An Elephant Painted White with Zebra Stripes

An Elephant Painted White with Zebra Stripes

I was running errands with Cheri a few days ago and I saw a large billboard containing a distinctive outline or image of an elephant painted white with zebra stripes. This made me wonder what the sign was all about. But as I scanned the entire billboard, I realized that the point of the billboard was to send a message to a potential new customer that they may have insurance but the wrong coverage. It made me smile. I thought it was a very clever way to draw people’s attention. However, as we continued to do errands that day, the thought of the billboard quickly faded as I got distracted with others things. And then, I saw the sign again just yesterday and since then I can’t get the image out of my mind. My dad used to say if it looks like a duck, walks like a duck and quacks like a duck it’s probably a duck. But, in this case, is it an elephant or a zebra?

This experience led me to ask the question, what does the average person in our community see when they take a gaze at the local church? For that matter, what does the average American perceive as they glance at local churches in their particular community? Do they see the image of an elephant painted white with zebra stripes? In other words, do they see something that they identify as a church from a distance, but the closer they get the more they question what they’re really looking at? Is it a church or a business? Is it a church or a club? Is it a church or a cult? Is it a church or a show?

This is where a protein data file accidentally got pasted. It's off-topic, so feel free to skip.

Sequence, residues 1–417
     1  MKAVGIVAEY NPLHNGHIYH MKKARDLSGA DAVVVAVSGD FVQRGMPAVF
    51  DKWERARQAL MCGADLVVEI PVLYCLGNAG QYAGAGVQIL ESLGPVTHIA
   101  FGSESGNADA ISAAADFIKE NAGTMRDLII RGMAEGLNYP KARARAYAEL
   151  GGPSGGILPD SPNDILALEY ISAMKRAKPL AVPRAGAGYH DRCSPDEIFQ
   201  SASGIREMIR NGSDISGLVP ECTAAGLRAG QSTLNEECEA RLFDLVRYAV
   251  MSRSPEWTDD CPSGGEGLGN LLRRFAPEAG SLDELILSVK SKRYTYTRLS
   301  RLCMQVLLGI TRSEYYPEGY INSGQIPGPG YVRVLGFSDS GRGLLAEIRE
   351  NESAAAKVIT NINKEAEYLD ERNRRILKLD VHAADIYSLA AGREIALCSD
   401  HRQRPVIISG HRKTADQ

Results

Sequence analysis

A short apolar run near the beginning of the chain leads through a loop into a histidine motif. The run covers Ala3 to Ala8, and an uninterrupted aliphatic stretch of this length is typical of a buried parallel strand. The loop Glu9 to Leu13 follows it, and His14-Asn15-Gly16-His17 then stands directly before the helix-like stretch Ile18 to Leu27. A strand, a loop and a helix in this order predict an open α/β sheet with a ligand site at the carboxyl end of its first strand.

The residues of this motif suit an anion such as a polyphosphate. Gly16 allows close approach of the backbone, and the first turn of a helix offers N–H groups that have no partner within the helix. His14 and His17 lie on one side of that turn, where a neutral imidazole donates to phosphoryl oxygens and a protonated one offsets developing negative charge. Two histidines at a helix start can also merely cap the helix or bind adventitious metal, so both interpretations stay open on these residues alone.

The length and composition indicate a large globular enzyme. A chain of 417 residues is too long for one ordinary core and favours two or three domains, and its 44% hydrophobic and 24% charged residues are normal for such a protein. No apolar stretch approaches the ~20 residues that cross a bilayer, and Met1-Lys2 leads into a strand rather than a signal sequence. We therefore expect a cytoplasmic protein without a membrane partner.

Even though most people can recognize an elephant the same can’t always be said about people recognizing the church. If you don’t believe me, ask people you come into contact with this question, what is a church? You’ll be surprised to hear that many will give you a description of a building with a steeple or a cross and maybe even add stained glass to their description. If that is the case, maybe we aren’t even starting with the right outline or image in the first place. So never mind that the so-called elephant is painted white with zebra stripes if they can’t identify the outline or image of an elephant.

Without question, there are beautiful buildings all across our nation with signs out front highlighting the name of a church. These structures are often adorned with tall peaks, crosses and stained glass windows. And, of course, we often call these marvelous structures a church. But some of these edifices stand empty and serve more as a museum than a place of worship. Even more of these structures are only moderately occupied maybe 1 to 2 hours per week. What then? Think of it this way. Just like a family has a home, Christians have community property with buildings. However, you wouldn’t look at a home and say, there is the Smith family or the Jones family. You might say the Smith’s or Jones’s live at that address and in that home but you wouldn’t equate the property and home with the people themselves. In fact, the Smith’s and Jones’s exist as a family regardless of where they live and even if they don’t have a place to live.